But perhaps others will say, "We ask no money from your gratitude, we only demand that you should pay your own expenses." And who, I pray, is to judge of their necessity? Why, the King, and, with all due reverence to his sacred majesty, he understands the real wants of his distant subjects as little as he does the language of the Choctaws! Who is to judge concerning the frequency of these demands? The Ministry. Who is to judge whether the money is properly expended? The Cabinet behind the Throne. In every instance, those who take are to judge for those who pay. If this system is suffered to go into operation, we shall have reason to esteem it a great privilege that rain and dew do not depend upon Parliament; otherwise, they would soon be taxed and dried. But, thanks to God, there is freedom enough left upon earth to resist such monstrous injustice! The flame of liberty is extinguished in Greece and Rome; but the light of its glowing embers is still bright and strong on the shores of America. Actuated by its sacred influence, we will resist unto death. But we will not countenance anarchy and misrule. The wrongs that a desperate community have heaped upon their enemies shall be amply and speedily repaired. Still, it may be well for some proud men to remember, that a fire is lighted in these Colonies which one breath of their King may kindle into such fury that the blood of all England cannot extinguish it!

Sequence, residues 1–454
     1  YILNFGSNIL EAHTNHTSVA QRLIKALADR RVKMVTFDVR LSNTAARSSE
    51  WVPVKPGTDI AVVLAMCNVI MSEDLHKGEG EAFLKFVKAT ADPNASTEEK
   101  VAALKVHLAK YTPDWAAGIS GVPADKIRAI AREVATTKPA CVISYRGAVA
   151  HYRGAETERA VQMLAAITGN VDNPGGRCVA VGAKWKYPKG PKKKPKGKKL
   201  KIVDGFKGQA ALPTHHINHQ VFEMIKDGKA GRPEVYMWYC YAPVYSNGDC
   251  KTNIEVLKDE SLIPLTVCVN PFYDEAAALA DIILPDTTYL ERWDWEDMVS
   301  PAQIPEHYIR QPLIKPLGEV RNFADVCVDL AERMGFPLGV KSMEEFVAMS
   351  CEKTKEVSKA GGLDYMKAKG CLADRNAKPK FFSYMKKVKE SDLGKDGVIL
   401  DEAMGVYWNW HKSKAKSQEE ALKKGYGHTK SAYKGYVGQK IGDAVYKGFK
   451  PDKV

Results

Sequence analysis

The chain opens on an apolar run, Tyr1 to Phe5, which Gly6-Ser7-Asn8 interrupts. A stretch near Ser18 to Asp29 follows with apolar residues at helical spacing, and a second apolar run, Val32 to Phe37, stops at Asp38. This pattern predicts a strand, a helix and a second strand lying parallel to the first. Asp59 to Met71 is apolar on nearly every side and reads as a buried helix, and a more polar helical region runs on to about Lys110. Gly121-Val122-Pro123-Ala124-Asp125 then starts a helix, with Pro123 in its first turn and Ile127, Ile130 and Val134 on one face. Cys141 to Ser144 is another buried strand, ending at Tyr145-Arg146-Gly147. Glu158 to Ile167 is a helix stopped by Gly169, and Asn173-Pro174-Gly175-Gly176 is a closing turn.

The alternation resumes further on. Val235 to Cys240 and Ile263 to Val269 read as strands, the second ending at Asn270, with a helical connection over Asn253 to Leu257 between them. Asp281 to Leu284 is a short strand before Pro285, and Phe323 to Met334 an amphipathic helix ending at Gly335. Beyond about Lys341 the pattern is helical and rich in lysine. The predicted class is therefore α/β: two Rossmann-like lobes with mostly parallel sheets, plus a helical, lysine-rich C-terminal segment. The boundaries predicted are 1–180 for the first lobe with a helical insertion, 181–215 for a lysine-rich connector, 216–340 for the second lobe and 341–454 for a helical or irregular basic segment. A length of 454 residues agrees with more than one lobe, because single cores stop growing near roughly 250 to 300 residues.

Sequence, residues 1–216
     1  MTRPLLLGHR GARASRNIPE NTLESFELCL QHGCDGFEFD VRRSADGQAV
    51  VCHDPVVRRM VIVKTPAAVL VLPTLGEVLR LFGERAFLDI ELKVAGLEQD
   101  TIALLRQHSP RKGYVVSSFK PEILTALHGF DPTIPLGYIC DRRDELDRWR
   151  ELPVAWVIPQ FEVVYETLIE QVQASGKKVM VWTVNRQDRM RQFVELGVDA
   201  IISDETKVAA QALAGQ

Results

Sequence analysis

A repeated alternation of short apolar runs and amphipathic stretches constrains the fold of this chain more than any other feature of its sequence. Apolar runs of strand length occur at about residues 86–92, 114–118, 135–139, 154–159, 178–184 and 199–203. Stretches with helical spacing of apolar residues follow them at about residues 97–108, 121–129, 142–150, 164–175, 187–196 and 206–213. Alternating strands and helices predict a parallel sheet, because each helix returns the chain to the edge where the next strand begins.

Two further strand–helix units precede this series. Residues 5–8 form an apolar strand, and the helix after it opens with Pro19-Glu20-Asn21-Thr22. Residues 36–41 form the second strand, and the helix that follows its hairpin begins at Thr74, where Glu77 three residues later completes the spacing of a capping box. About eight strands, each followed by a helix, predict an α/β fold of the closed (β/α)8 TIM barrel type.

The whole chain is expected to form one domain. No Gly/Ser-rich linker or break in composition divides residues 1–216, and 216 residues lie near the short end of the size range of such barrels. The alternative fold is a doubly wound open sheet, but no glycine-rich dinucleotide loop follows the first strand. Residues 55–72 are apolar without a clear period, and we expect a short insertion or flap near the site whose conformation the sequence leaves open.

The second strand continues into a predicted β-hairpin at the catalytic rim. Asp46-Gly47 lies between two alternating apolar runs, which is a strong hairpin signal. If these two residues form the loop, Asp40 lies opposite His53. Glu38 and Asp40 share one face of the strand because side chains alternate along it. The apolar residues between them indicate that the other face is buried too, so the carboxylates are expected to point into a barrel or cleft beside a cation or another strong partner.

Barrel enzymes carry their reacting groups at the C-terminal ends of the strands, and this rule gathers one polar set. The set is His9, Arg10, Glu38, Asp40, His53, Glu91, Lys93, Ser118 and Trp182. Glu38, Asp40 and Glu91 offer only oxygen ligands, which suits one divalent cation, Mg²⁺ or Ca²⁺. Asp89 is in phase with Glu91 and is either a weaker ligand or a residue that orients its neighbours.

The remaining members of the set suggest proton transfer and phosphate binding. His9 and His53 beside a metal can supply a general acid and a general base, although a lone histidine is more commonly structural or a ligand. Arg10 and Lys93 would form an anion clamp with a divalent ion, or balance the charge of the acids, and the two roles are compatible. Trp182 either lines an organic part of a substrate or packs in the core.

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THE time will certainly come when the fated separation between the mother country and these Colonies must take place, whether you will or no; for so it is decreed by the very nature of things, — by the progressive increase of our population, the fertility of our soil, the extent of our territory, the industry of our countrymen, and the immensity of the ocean which separates the two countries. And, if this be true, as it is most true,- who does not see that the sooner it takes place, the better; that it would be the height of folly, not to seize the present occasion, when British injustice has filled all hearts with indignation, inspired all minds with courage, united all opinions in one, and put arms in every hand? And how long must we traverse three thousand miles of a stormy sea, to solicit of arrogant and insolent men either counsels or commands to regulate our domestic affairs? From what we have already achieved, it is easy to presume what we shall hereafter accom